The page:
East Broad Top Railroad Has New Owners

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East Broad Top Railroad Has New Owners

Postby SOO2719 » Fri Feb 14, 2020 3:13 pm

Richard "Tony" Held

"Trackside with Tony"

Mark D
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Location: Sort of between Litchfield and Forest City, MN.

Re: East Broad Top Railroad Has New Owners

Postby Mark D » Fri Feb 14, 2020 9:03 pm

I hope they can make a go of it. I wonder if they know what they've gotten themselves into? It's not much different from people with vintage aircraft, or vintage cars. In the vintage aircraft it's probably twice the cost of maintenance than the steam engines and rolling stock. But still, operating steam locomotives is a venture of lost money. And then the insurance... And the upkeep...
Vintage cars? Yeah, they're more thrifty, but insurance is still costly because of the scarcity of parts to keep them running. If something happens, you drive it into a tree, for instance. Not meaning to, but let's just say you aren't the best, not nearly the best, driver. Insurance will break you. But, it's not nearly what it costs to haul general public people with ticket's. A car derails, it gets off the rails totally, rolls over even, It's not pretty, and it's even less pretty the next time you talk to your insurance adjuster.

Mark D.
Mark D. - The bottom of the information curve

John Bohon
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Location: North Carolina

Re: East Broad Top Railroad Has New Owners

Postby John Bohon » Sun Feb 16, 2020 3:53 pm

These guys definitely know what they have gotten themselves into. They know EBT is going to be a money pit for a number of years to come. There are millions of dollars to be spent just getting it back up running and stabilizing the existing property without even thinking about any expansion. The railroad needs so much. Before they can haul bigger trains they will have to get cars in service. There train consists of one coach, a converted boxcar, the observation car, and two cabooses. The FEBT owns or has leases on several cars and a few of the originals are in Orbisonia but out of service for major repairs. Repairing wooden coaches is not cheap and building new ones is even more expensive. Just getting one engine in running condition is going to be expensive and that does not include the repairs that they really need but have not received since at least the fifties. As far as I know none of the engines has had serious running gear work since the railroad shut down in 1956.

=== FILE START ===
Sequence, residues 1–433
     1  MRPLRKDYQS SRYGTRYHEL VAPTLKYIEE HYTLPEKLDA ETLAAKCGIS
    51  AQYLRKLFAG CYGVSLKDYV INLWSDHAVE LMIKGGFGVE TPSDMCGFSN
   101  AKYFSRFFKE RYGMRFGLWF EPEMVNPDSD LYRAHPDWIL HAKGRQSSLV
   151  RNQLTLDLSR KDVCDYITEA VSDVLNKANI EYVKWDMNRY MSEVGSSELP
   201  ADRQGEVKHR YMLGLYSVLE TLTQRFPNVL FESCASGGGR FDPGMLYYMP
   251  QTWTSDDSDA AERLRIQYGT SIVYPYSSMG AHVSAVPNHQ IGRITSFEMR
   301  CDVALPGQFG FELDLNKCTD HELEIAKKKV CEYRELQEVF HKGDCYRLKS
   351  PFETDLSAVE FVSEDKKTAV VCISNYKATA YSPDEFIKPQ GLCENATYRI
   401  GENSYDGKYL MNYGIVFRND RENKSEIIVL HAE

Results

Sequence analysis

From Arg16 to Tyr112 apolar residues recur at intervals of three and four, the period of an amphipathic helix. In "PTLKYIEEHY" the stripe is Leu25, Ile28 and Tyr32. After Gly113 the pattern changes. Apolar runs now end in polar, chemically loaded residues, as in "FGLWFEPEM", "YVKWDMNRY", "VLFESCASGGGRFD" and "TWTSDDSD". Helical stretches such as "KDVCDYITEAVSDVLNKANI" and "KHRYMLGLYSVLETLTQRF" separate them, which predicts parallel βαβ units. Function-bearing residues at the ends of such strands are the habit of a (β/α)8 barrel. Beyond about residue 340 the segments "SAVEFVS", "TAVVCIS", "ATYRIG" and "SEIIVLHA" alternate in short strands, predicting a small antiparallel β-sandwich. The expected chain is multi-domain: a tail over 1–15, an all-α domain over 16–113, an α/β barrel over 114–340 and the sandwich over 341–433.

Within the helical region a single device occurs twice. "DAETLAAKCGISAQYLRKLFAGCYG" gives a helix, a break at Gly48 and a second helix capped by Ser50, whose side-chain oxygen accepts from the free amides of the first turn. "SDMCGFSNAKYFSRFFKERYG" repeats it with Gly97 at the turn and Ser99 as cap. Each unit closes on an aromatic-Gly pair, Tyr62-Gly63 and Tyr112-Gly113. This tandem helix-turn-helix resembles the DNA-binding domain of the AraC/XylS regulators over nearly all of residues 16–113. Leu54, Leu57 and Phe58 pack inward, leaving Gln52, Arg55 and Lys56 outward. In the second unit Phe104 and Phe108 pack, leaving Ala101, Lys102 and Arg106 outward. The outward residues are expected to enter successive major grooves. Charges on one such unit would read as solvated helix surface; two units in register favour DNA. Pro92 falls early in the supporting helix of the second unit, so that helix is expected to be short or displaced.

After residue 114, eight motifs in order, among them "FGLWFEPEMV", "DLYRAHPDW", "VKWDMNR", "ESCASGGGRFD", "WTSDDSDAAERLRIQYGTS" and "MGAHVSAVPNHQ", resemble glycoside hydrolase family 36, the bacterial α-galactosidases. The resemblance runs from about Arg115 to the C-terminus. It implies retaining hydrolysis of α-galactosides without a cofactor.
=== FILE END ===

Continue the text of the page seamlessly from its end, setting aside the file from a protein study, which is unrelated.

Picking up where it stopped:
A lot of people are talking about expanding the railroad. Personally I do not expect to live to see mush of that happen if it ever does. It would be reasonably cheap to put ties in the few thousand feet of cleared track going south out of Orbisonia but for what purpose? It really does not get you anywhere unless there is some potential for photo freights leaving that end of town. Expanding the wye at the clay spur on the other end of the ride would probably be a better investment. That would at least allow for longer trains in the future. As for opening the rest of the railroad, what would have been relatively easy in the sixties is now a monumental task. About 20 years ago I returned a 4 mile section of railroad to service for freight service that looked just about like the current EBT. This line had not run in many decades and large trees were so thick you could hardly walk parts of the track in the winter. Even that long ago the price for restoring the track was more than a million dollars. Today I suspect it would be closer to 2 million. Multiply that by 25 miles and you start to get an idea. The EBT has a number of out of service bridges on the old track and the one I rebuilt had none. To say the least bridges get expensive fast. All of this does not even begin to deal with 2 collapsed tunnels.

It is difficult to realize how remote this area is. Getting people to Orbisonia is not easy and there is nothing but the railroad when they get there. I think the only brand name anything in town may be a Subway. There are virtually no hotel rooms in the area. I am not sure where the nearest campground is. All of this means making the area a destination is going to be very difficult. Being a destination with several things to do is a big plus in marketing a tourist attraction. More than anything else I would love to know what the new management has in mind for marketing the railroad. That may be the most important item the new team has to think out to allow the railroad to grow and prosper.

John Bohon

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